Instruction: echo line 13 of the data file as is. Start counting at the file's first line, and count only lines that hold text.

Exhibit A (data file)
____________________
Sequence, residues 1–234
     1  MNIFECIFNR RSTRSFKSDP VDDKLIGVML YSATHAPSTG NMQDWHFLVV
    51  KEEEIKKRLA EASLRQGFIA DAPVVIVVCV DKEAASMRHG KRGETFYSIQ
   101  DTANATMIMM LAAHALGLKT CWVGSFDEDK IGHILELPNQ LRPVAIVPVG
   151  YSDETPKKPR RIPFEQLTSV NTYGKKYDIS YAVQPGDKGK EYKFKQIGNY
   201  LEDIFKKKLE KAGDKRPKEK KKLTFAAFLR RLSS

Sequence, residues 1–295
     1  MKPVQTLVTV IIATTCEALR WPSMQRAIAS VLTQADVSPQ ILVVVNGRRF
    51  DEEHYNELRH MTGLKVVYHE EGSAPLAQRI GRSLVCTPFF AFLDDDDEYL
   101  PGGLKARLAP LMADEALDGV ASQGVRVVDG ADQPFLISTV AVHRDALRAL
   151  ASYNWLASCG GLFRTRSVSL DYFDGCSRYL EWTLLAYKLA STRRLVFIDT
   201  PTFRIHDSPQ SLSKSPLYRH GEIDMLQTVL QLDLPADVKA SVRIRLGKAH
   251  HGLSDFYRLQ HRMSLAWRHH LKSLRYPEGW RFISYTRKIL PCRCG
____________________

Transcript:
   251  HGLSDFYRLQ HRMSLAWRHH LKSLRYPEGW RFISYTRKIL PCRCG